Experts at SophosLabs™, Sophos's global
network of virus, spyware and spam analysis center, have welcomed
the news that a man has pleaded guilty in Florida to charges in
connection with hacking into corporate computers, making over a
hundred thousand dollars by using them to display cash-generating
Robert Matthew Bentley, of Panama City, Florida, admitted to his
botnet activities which took place from October 2005 to November
reports claim that 21-year-old Bentley, who sometimes used the
online handle "LSDigital", was part of a gang that used malware to
break into innocent PCs across Europe.
According to court documents, the malware generated so much
server traffic that normal network operations came to a standstill
for one corporate victim, Newell Rubbermaid.
"Computer crime fighting authorities in the UK and America
worked closely together to piece together the evidence in this
case, and have successfully brought another botherder to book,"
Cluley, senior technology consultant for Sophos. "According to
papers filed in the court, Newell Rubbermaid has so far sustained
damage of at least $150,000 countering Bentley's attacks. In their
greed for cash, criminal hackers have no qualms about blindly
infecting computers around the world to generate them loot."
Robert Bentley faces up to 20 years in prison, and a possible
fine of $500,000. His sentence hearing is scheduled for 28 May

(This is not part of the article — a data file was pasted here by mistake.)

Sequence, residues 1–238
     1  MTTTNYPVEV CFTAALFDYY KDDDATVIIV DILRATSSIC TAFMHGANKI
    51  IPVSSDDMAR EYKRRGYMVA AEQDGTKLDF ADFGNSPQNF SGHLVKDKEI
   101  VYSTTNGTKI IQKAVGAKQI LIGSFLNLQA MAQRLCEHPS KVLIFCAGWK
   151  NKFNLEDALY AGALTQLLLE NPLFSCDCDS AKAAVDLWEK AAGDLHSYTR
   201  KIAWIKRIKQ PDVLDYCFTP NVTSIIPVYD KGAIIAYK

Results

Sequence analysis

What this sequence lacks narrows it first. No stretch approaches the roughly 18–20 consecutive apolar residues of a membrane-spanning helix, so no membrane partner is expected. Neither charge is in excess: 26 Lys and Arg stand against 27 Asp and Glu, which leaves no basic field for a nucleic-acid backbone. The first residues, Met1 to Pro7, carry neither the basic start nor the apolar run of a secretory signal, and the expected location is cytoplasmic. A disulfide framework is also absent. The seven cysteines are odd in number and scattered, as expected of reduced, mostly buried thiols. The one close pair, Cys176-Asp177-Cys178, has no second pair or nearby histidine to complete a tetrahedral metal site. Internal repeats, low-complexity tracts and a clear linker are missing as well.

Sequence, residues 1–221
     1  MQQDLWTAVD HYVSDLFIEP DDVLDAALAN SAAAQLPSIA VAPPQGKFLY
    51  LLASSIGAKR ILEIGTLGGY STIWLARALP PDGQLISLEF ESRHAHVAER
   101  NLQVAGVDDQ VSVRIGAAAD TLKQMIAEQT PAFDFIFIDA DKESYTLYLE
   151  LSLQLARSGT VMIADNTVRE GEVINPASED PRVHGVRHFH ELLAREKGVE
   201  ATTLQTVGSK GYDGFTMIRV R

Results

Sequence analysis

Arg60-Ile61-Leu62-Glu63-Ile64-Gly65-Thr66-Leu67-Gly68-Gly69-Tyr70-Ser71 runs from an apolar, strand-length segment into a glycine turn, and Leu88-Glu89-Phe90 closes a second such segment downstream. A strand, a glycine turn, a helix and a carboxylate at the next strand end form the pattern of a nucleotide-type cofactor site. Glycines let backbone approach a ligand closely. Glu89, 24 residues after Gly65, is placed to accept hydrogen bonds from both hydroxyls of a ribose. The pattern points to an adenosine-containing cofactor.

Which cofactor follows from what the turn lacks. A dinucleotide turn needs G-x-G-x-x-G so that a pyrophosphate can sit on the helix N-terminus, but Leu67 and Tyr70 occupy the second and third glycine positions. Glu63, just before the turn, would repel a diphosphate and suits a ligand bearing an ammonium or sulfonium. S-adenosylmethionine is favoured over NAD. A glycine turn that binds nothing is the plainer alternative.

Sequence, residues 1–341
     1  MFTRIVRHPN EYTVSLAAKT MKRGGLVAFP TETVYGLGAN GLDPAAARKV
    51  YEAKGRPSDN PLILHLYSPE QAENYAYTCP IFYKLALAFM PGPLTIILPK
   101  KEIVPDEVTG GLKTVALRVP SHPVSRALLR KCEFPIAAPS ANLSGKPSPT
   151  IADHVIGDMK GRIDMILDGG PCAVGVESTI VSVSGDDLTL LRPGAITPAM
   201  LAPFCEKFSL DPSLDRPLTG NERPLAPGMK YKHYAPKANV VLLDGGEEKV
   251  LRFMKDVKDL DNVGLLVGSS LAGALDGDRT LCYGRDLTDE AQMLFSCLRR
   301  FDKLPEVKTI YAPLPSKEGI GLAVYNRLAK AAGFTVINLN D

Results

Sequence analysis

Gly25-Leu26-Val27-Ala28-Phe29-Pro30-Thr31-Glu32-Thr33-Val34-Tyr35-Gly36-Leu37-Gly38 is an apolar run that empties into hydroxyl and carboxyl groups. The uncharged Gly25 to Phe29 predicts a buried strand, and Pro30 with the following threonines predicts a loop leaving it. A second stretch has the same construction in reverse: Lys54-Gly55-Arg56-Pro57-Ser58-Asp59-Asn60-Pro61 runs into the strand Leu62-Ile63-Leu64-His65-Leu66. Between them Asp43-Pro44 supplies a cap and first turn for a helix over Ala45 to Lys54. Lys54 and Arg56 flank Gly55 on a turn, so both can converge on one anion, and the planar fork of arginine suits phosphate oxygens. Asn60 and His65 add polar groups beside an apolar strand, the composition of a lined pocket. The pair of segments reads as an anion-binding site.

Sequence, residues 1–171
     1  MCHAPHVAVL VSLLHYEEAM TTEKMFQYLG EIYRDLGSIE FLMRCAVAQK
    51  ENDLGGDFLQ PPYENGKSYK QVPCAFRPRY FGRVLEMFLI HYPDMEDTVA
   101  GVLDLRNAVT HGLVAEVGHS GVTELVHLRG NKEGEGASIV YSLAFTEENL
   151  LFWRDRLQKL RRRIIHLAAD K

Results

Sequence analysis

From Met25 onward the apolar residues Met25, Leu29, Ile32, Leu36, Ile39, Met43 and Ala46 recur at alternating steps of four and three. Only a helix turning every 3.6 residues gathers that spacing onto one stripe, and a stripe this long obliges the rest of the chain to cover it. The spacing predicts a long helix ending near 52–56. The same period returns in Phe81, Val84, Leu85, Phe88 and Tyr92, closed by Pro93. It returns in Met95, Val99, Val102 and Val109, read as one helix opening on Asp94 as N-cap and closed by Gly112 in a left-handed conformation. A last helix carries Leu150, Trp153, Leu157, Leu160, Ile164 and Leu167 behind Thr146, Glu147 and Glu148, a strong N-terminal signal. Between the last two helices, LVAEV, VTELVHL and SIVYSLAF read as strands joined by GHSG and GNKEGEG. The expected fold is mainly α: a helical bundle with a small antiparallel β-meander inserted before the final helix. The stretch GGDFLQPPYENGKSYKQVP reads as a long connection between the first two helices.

2008. There is speculation, however, that the authorities may
exercise leniency in Bentley's sentencing if he assists the
authorities in uncovering others involved in the botnet
Earlier this year, Sophos published
its annual Security Threat Report, which discussed how
financially-motivated cybercriminals use zombie botnets in their
pursuit of money.
Zombie computers - are your PCs under someone else's
Zombie computers can be used by criminal hackers to launch
distributed denial-of-service attacks, spread spam messages or to
steal confidential information. SophosLabs estimates that more than
99 percent of all spam today originates from zombie computers.
As spammers become more aggressive, collaborating with virus
writers to create armies of zombie computers, legitimate
organizations with hijacked computers are being identified as a
source of spam. This not only harms the organization's reputation,
but can also cause the company's email to be blocked by others.
advises service subscribers when any computer on their network is
found to have sent spam to Sophos's extensive global network of
spam traps, and provides rapid notification to customers if their
Internet Protocol (IP) addresses are listed in public Domain Name
Server Block Lists (DNSBL). This information helps customers
locate, disinfect, and protect these systems from future